In retrospective surveys, classification errors are usually of a systematic nature, since respondents tend to be consistent in their answers and to forget about past changes in their labor market status.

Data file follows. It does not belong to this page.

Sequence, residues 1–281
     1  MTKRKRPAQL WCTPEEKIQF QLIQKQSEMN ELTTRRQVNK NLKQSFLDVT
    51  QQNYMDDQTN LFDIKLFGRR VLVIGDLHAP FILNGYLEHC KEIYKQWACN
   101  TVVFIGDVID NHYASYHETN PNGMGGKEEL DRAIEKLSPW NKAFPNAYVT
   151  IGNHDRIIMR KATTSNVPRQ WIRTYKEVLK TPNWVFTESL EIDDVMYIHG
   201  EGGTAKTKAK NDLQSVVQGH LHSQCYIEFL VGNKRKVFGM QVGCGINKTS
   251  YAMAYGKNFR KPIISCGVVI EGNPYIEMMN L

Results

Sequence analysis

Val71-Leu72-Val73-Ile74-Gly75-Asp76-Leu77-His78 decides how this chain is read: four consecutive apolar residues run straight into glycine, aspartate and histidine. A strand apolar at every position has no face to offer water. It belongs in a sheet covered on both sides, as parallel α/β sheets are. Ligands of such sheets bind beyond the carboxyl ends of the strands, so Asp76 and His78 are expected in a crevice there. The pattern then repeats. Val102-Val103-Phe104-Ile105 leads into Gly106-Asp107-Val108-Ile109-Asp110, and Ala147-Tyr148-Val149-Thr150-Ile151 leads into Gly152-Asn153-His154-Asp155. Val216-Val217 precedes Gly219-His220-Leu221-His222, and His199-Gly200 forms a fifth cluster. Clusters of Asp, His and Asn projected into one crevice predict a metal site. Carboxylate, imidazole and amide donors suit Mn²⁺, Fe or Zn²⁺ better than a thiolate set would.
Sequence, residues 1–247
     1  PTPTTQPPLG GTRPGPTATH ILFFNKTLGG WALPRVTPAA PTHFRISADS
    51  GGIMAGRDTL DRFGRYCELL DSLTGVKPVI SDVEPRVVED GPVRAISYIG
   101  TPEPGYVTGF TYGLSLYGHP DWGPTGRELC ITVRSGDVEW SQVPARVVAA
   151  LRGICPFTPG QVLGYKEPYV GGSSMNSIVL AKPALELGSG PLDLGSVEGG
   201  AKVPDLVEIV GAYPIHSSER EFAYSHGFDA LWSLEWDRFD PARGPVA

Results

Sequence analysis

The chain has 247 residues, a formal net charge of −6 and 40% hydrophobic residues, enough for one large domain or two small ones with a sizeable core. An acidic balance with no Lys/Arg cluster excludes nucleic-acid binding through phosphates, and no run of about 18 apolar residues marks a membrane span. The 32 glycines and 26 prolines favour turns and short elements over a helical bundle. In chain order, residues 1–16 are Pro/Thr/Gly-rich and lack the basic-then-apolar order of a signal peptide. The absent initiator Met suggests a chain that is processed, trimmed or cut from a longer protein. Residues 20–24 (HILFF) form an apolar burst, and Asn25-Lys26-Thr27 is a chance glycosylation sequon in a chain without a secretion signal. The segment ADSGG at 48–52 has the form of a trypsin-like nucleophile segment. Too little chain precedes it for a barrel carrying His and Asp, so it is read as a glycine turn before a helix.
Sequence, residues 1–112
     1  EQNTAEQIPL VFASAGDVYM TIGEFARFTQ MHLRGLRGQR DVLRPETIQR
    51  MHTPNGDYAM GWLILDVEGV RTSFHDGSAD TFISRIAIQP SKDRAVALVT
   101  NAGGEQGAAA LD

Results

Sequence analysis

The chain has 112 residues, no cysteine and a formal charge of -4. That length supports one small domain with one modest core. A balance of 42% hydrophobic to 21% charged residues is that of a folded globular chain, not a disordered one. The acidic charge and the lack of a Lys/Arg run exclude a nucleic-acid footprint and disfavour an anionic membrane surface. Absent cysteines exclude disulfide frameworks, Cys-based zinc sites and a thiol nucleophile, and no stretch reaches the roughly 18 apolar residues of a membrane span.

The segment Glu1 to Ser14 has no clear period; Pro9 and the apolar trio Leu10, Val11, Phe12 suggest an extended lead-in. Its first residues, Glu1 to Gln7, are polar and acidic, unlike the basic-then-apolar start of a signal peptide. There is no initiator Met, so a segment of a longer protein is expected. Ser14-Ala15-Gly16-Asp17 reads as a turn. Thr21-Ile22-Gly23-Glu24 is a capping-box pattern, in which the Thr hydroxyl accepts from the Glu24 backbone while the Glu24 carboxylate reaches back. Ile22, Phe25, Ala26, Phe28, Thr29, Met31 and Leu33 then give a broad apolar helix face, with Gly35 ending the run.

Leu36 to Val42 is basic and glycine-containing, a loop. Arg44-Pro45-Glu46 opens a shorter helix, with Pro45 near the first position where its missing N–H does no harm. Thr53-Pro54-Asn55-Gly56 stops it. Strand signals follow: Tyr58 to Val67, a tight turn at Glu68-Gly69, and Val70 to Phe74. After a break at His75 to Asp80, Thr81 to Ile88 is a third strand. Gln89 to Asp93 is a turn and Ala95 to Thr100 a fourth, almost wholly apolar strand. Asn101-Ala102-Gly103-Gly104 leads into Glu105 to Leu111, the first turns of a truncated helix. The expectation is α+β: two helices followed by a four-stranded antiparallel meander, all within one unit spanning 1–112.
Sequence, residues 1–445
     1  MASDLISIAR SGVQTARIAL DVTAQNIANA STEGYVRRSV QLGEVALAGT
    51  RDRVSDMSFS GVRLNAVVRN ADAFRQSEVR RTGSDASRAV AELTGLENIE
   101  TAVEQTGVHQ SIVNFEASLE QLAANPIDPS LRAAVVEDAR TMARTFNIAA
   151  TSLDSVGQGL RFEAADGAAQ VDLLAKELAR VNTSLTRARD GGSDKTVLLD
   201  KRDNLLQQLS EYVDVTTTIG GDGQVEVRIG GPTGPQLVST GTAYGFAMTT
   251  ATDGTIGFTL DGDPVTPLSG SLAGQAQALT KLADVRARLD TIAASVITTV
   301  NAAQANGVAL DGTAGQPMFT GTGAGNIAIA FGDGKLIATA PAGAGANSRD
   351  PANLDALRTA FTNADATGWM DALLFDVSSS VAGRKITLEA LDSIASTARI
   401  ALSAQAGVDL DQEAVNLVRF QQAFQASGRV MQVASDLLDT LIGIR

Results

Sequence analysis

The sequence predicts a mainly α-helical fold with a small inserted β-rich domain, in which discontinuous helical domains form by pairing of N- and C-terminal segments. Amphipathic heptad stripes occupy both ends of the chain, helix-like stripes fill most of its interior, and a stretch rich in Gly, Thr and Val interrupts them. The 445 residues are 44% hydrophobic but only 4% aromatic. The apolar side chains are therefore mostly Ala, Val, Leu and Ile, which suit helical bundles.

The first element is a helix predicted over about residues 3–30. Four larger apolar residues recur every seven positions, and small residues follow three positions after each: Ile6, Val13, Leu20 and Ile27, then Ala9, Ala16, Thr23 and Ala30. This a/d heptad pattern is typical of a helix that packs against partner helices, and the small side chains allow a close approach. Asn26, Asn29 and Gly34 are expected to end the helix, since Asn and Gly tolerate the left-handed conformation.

In this paper, I use descriptive and model-based approaches to analyze errors in the retrospective reports of employment careers. First, I use algorithm-based techniques to quantify dissimilarity between event sequences reported at different temporal distances from the events. I then use a model-based approach to determine measurement error in life-history data. While the Markov assumption allows us to take into account transition probabilities between each pair of states of the outcome variable, the latent component of the model accounts for measurement error. In most classical methods of correcting for measurement error, the independent classification error assumption (ICE) is made, that is, it is assumed that measurement errors are independent of one another. This means that errors referring to two different occasions are independent of each other conditional on the true (labor market) states, and that errors depend only on the present true state. Unfortunately, such assumptions appears to be unrealistic in regard to retrospective longitudinal data, where a respondent could forget or misplace episodes, which would lead to the same mismatch between true and observed state at consecutive months. As a result, errors at consecutive time points would not be independent of one another, violating the ICE assumption. Having more than one indicator for our latent variable at each time point, we are able to estimate a latent Markov model relaxing the ICE assumption.